The Jerusalem Post ePaper

Christian group helps break BDS film boycott

• Jerusalem Post staff

On Saturday evening, July 2, a group of pro-Israel Pentecostal Christians helped thwart BDS efforts to prevent the screening of an Israeli film at the Doc Edge Festival held in New Zealand. The film in question was the Israeli documentary, “Dead Sea Guardians,” that tells the story of three environmental activists – an Israeli, a Palestinian and a Jordanian – who gathered swimmers from around the world for a swim in the Dead Sea to raise awareness of its alarming environmental situation and to appeal for immediate action on the matter.

In recent months, there have been calls by BDS activists to cancel the film’s screening and boycott the festival. Festival directors Dan Shanan and Alex Lee spoke with the Israeli ambassador and stated that Doc Edge is an apolitical organization that believes in dialogue and would therefore allow the right of expression on all issues.

Israeli Ambassador Ran Yaakoby spoke with Pastor Nigel Woodley, the Senior Pastor at the pro-Israel Flaxmere Christian Fellowship. The group decided to come to the screening with a 50-person bus, and hold a demonstration in support of Israel, complete with signs and t-shirts supporting Israel.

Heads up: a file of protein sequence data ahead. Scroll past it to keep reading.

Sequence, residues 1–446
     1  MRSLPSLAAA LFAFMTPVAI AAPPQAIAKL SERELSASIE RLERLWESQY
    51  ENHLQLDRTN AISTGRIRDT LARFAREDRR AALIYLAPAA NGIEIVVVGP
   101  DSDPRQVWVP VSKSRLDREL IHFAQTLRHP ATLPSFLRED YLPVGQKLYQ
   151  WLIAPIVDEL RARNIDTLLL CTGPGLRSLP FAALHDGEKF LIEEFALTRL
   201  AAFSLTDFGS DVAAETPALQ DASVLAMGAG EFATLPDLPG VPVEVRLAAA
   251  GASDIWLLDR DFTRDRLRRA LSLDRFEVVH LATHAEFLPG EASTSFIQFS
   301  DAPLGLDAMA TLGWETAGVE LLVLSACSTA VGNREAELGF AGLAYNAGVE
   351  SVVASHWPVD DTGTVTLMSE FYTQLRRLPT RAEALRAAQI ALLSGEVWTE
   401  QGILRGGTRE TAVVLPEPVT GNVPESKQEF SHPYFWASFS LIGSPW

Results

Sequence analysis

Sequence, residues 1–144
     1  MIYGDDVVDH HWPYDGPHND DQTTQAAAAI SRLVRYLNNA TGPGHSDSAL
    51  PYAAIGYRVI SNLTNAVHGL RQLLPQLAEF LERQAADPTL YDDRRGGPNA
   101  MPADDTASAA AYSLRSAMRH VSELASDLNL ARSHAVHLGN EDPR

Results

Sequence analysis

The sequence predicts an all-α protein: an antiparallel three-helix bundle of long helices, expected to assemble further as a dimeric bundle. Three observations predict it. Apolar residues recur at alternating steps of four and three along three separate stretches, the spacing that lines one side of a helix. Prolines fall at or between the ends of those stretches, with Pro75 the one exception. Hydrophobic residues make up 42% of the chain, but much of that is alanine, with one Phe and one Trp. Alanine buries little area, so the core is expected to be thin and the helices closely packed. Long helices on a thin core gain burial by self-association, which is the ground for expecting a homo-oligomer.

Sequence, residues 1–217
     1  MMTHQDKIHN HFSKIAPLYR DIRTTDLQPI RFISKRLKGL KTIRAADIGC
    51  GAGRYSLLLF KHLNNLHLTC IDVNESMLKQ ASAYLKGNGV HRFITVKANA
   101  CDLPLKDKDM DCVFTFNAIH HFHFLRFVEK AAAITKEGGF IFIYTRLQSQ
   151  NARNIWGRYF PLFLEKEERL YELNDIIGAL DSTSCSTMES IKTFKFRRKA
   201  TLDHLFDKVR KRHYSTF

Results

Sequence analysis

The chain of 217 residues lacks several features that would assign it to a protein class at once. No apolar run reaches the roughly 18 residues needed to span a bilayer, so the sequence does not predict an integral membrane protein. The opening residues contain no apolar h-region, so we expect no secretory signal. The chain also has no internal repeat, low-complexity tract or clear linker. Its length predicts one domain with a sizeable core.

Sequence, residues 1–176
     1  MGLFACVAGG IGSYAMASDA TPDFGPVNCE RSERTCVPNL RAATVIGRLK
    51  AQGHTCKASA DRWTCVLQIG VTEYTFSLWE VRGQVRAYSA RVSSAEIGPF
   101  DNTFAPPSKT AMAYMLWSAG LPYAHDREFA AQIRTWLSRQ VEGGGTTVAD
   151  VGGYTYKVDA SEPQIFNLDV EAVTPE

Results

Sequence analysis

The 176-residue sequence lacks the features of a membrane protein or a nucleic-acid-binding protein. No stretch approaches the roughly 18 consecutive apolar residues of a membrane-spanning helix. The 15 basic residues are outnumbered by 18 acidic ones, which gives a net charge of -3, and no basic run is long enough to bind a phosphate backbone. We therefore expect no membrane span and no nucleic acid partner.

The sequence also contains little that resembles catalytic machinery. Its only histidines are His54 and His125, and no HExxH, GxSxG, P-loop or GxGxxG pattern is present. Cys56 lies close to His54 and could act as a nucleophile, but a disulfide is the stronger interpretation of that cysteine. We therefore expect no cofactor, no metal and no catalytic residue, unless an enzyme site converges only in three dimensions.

On the day of the screening of the film in Wellington, Woodley and his congregation arrived after a six-hour drive to support Israel, and no anti-Israel activists were in sight.

The group honored Israel with the singing of Hatikvah through megaphones. “Thanks to” the BDS campaign, the 150-seat theater was filled to capacity with people who heard about the film and wanted to show support for Israel.

Ambassador Ran Yaakoby said: “The Israeli Embassy in New Zealand encourages cooperation with the Israeli film and television industry, which is an accessible medium that serves as an intercultural bridge, especially in a remote place such as New Zealand, Israel’s most distant embassy in the world. We are proud of our friends who are willing to come from afar to support Israeli creativity and its presentation here.”





Jerusalem Post